Below we depict the atomic system behavior in the several introduced above configurations. Note, that the cited thereby Rabi frequencies were calculated in the SI system of units with the following notations: <a onClick="popup('http://www.nanoscalereslett.com/content/9/1/203/mathml/M70','MathML',630,470);return false;" target="_blank" href="http://www.nanoscalereslett.com/content/9/1/203/mathml/M70">View MathML</a>; the electric permittivity of free space ε0 ≈ 8.8542 × 10-12 F/m; the speed of light in free space c = 299792458 m/sec; resonant wavelength close to the D2-line of a sodium atom λD ≈ 589.29 × 10-9 m; corresponding circular (in radians per second) resonant frequency <a onClick="popup('http://www.nanoscalereslett.com/content/9/1/203/mathml/M71','MathML',630,470);return false;" target="_blank" href="http://www.nanoscalereslett.com/content/9/1/203/mathml/M71">View MathML</a>; non-diagonal so called ‘transition’ dipole matrix element (in the same order as for the D2-line transition, that is about 1 Debye) ρex = 1 × 3.33564 × 10-30 C m. For instance, if the available for the system of atoms and field volume has the value equal to V = 0.001 m3, then <a onClick="popup('http://www.nanoscalereslett.com/content/9/1/203/mathml/M72','MathML',630,470);return false;" target="_blank" href="http://www.nanoscalereslett.com/content/9/1/203/mathml/M72">View MathML</a>.

Assume, for example, the available volume V = 10-13 m3 is somehow filled by the set s3a1 with D ≈ 107 rad/sec, initially coupled with one-photon Fock state. Then, <a onClick="popup('http://www.nanoscalereslett.com/content/9/1/203/mathml/M73','MathML',630,470);return false;" target="_blank" href="http://www.nanoscalereslett.com/content/9/1/203/mathml/M73">View MathML</a>, <a onClick="popup('http://www.nanoscalereslett.com/content/9/1/203/mathml/M74','MathML',630,470);return false;" target="_blank" href="http://www.nanoscalereslett.com/content/9/1/203/mathml/M74">View MathML</a>, and <a onClick="popup('http://www.nanoscalereslett.com/content/9/1/203/mathml/M75','MathML',630,470);return false;" target="_blank" href="http://www.nanoscalereslett.com/content/9/1/203/mathml/M75">View MathML</a>. The corresponding graphs for probability to find each atom in the excited state are shown in Figure 1.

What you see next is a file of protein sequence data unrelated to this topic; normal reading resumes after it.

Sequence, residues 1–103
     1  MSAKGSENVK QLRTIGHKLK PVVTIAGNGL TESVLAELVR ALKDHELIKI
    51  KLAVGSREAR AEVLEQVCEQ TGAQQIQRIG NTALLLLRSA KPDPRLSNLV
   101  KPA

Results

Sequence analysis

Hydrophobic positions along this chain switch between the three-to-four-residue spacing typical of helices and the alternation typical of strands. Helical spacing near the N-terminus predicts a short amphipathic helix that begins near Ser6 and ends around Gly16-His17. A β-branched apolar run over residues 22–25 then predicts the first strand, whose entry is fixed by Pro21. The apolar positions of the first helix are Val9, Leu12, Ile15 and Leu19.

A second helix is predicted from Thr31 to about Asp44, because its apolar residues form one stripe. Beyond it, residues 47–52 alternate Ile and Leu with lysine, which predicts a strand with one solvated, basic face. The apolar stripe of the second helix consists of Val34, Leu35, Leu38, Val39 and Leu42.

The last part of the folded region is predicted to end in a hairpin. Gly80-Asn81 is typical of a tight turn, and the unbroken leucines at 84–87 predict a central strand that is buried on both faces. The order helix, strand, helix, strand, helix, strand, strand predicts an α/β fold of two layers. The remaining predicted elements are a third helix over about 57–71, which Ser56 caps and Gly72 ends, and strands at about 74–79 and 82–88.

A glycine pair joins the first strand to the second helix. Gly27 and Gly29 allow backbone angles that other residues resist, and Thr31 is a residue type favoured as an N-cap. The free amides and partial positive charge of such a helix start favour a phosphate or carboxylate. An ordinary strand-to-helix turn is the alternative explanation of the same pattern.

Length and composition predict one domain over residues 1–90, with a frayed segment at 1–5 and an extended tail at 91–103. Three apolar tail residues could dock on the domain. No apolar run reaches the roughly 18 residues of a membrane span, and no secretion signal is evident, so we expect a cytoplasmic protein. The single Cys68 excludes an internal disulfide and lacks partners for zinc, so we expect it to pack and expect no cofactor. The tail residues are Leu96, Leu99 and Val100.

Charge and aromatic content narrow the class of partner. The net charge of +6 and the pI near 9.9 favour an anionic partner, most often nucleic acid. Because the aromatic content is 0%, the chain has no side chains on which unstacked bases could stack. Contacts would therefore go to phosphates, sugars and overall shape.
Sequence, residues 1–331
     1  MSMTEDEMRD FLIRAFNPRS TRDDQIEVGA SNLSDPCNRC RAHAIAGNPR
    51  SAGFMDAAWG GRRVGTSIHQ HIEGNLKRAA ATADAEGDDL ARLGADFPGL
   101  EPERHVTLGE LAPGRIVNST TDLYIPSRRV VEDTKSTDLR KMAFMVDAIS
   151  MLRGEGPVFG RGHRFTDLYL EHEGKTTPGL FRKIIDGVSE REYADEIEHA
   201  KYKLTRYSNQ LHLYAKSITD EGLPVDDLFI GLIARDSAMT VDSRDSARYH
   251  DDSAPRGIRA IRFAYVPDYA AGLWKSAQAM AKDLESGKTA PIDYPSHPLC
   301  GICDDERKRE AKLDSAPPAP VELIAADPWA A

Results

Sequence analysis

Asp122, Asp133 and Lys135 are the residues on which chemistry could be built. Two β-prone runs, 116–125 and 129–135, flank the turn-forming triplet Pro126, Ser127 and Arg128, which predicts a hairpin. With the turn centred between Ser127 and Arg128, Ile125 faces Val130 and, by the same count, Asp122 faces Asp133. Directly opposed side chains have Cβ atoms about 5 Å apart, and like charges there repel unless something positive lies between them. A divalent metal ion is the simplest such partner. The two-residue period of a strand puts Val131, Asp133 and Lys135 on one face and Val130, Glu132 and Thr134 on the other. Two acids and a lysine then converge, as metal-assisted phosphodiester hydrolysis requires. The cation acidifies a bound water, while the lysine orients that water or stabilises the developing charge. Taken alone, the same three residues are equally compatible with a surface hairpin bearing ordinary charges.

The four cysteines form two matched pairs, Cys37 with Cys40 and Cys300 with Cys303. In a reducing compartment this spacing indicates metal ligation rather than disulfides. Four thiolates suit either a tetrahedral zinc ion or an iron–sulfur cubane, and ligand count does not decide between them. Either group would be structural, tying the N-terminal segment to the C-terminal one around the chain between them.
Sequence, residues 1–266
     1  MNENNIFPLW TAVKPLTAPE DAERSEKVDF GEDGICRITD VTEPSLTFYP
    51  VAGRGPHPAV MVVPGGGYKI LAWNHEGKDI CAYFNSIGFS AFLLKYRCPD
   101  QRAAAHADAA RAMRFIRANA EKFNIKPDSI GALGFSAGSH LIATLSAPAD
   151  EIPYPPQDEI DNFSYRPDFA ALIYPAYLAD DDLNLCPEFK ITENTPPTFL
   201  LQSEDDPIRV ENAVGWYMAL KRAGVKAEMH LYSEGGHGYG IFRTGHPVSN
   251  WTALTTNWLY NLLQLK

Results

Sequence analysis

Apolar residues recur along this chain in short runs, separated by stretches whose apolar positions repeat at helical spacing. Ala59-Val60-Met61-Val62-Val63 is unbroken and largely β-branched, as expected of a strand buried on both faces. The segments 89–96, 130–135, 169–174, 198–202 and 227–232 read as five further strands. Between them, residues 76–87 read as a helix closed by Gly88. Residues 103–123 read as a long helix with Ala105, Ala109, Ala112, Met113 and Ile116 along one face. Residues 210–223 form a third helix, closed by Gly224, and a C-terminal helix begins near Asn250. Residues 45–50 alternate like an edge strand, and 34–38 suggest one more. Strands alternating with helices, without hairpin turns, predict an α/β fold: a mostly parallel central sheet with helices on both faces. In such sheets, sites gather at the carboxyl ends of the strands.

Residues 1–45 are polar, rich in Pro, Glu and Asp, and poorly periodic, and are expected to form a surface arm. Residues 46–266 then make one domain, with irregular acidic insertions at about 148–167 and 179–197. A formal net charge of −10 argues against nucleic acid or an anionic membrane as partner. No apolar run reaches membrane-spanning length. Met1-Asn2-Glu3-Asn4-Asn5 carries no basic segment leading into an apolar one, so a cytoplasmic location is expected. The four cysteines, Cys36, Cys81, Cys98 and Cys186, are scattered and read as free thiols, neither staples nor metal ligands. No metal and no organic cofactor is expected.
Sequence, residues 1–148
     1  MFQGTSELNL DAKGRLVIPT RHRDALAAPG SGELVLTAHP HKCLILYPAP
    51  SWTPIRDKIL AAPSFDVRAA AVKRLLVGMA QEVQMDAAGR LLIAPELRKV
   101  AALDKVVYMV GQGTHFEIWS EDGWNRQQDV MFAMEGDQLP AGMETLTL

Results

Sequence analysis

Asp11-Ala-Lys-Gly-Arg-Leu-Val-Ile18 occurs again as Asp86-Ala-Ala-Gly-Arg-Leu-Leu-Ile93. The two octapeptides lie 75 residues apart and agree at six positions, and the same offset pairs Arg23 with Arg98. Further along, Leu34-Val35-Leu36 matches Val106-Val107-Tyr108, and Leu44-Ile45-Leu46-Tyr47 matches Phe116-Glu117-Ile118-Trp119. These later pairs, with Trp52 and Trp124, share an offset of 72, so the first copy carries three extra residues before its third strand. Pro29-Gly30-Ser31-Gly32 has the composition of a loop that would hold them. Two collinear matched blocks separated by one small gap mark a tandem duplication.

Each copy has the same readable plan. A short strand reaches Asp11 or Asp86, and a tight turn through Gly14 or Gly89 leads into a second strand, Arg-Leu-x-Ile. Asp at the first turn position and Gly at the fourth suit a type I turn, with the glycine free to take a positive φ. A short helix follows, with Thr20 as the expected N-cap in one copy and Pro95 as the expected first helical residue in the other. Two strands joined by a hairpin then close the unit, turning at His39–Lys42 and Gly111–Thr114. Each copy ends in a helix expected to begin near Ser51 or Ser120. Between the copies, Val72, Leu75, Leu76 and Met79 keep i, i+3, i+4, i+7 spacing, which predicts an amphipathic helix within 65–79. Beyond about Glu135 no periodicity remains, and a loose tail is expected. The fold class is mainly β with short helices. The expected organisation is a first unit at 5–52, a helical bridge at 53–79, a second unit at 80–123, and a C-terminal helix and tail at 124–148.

thumbnailFigure 1. Time evolution of |βα (t)|2. V = 10-13 m3. Atoms are arranged in the set s3a1 with D ≈ 107 rad/sec. The bold solid line represents the atom with the space phase kr1 = π/6, the dot line is for the space phase kr2 = 2π/3, and the thin solid line corresponds to kr3 = π.

Let us see what happens when the available volume is increased by one order. This yields V = 10-12 m3 with the same three atoms (D ≈ 107 rad/sec) of the configuration s3a1. Then, <a onClick="popup('http://www.nanoscalereslett.com/content/9/1/203/mathml/M76','MathML',630,470);return false;" target="_blank" href="http://www.nanoscalereslett.com/content/9/1/203/mathml/M76">View MathML</a>; <a onClick="popup('http://www.nanoscalereslett.com/content/9/1/203/mathml/M77','MathML',630,470);return false;" target="_blank" href="http://www.nanoscalereslett.com/content/9/1/203/mathml/M77">View MathML</a> and <a onClick="popup('http://www.nanoscalereslett.com/content/9/1/203/mathml/M78','MathML',630,470);return false;" target="_blank" href="http://www.nanoscalereslett.com/content/9/1/203/mathml/M78">View MathML</a>. The corresponding graphs for each atom excited state probability are depicted in Figure 2.

thumbnailFigure 2. Atom excited state probability |βα (t)|2. V = 10-12 m3. Atoms are arranged in the set s3a1 with D ≈ 107 rad/sec. The bold solid line represents the atom with the space phase kr1 = π/6, the dot line is for the space phase kr2 = 2π/3, and the thin solid line corresponds to kr3 = π.